On 02/02/2015 11:58 AM, Brian Erdelyi wrote:> >>Confusing or not, the reliance on multiple signatures as offering >>greater security than single relies on the independence of multiple >secrets. If the secrets cannot be shown to retain independence in the >>envisioned threat scenario (e.g. a user's compromised operating >>system) then the benefit reduces to making the exploit more difficult >>to write, which, once written, reduces to no benefit. Yet the user >>still suffers the reduced utility arising from greater complexity, >>while being led to believe in a false promise. > >Just trying to make sure I understand what you’re saying. Are you >eluding to that if two of the three private keys get compromised there >is no gain in security? Although the likelihood of this occurring is >lower, it is possible.
No, that's not it. Sorry for not being clear. Independence of control is the central issue in the analysis of a multiple factor system. If an attack compromises one factor there must be no way for that attack to reduce the difficulty of obtaining the other factors. Some factors (secrets), like a fingerprint, aren't very secret at all. But getting someone's fingerprint doesn't also help the attacker get a PIN. That factor must be attacked independently. But if the PIN is encrypted with the fingerprint in a public store, then the PIN is not independent of the fingerprint and there is really only one secret. If multiple factors are coincident (located within the same security perimeter) they are compromized coincidentally. Coincidence has the same effect as dependence. Consider a credit card with a "security code" printed on the back. A successful attack on the leather wallet yields both secrets. Individual environments can be compromised with some difficulty (e.g. desktop malware, fingerprint lift, dictionary attack, brute force PIN, etc.). For the sake of simplicity, let that chance of successful independent attack on any factor be 1 in 2 and the resulting probability of successful concurrent attack on any n factors be 1 in 2^n. If m factors are dependent/coincident on others the relation becomes 1 in 2^(n-m). Any multi-factor web wallet that handles the user's keys in the browser and authenticates the user in the browser to authorize service signing is effectively single factor. One attack may be launched by an insider, or externally, against the web app, executing in the browser, gaining coincident access to two secrets. Browser/desktop malware can accomplish the same. The difficulty is 1 in 2 vs. the expected 1 in 4. >As more malware targets bitcoins I think the utility is evident. >Given how final Bitcoin transactions are, I think it’s worth trying to >find methods to help verify those transactions (if a user deems it to >be high-risk enough) before the transaction is completed. The balance >is trying to devise something that users do not find too burdensome. I'm not questioning the motive, I agree it's worth trying. But trying is not succeeding. Increasing user (and/or system) complexity without increasing integrity or privacy is a poor trade, and worse if the user is misled. e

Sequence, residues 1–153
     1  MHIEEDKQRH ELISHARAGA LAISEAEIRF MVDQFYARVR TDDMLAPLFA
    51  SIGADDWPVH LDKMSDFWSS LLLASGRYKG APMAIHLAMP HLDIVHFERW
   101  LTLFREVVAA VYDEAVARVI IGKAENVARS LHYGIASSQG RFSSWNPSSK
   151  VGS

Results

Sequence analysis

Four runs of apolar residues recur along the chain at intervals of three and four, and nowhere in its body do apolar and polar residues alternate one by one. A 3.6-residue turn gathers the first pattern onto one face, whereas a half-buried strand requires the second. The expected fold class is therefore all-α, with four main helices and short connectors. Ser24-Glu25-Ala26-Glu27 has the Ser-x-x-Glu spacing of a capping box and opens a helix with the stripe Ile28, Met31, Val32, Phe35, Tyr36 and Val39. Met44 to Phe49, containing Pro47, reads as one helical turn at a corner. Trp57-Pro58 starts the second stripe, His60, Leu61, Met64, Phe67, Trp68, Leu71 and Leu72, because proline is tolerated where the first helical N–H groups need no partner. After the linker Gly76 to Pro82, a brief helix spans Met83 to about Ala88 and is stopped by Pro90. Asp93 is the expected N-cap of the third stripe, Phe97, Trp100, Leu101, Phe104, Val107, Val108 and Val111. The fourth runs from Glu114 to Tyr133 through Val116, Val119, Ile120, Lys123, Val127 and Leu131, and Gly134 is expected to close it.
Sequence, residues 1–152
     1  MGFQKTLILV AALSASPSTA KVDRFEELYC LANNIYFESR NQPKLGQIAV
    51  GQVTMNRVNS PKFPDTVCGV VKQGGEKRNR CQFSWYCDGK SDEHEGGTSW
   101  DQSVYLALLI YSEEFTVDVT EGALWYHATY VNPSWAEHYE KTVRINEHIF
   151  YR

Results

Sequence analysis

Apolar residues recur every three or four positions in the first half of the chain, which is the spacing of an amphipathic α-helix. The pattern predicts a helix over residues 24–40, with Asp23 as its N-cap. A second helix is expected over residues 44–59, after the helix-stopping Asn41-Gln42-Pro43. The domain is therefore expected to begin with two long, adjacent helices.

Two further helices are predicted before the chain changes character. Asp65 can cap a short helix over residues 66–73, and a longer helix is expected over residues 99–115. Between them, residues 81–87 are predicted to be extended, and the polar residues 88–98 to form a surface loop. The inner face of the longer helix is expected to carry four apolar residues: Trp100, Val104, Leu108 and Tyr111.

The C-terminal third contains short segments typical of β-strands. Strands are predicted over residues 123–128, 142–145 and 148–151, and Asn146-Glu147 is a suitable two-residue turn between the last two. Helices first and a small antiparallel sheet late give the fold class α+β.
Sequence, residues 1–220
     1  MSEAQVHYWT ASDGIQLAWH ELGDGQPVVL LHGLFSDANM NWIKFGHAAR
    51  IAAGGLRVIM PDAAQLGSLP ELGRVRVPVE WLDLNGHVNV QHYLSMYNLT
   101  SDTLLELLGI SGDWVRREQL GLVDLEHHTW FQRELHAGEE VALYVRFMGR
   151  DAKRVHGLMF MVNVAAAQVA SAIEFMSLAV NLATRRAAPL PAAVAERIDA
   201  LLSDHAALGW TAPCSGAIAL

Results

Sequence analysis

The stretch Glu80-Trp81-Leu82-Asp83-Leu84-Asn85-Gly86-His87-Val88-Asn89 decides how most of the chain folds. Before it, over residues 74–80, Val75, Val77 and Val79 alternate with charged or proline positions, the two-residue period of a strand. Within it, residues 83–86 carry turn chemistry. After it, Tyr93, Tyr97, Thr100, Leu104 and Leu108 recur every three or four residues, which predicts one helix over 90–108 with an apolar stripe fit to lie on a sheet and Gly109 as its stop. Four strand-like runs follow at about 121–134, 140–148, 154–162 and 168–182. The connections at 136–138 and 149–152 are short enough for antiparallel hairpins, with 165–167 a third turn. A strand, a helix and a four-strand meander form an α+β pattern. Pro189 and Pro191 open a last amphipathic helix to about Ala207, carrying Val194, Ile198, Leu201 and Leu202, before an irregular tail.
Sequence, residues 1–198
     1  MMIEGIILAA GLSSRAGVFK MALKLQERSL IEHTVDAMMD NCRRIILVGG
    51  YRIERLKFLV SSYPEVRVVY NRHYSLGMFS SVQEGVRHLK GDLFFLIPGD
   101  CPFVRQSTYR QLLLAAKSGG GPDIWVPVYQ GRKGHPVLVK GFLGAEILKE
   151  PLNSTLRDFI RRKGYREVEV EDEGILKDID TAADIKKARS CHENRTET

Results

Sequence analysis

Description: OpenPGP digital signature
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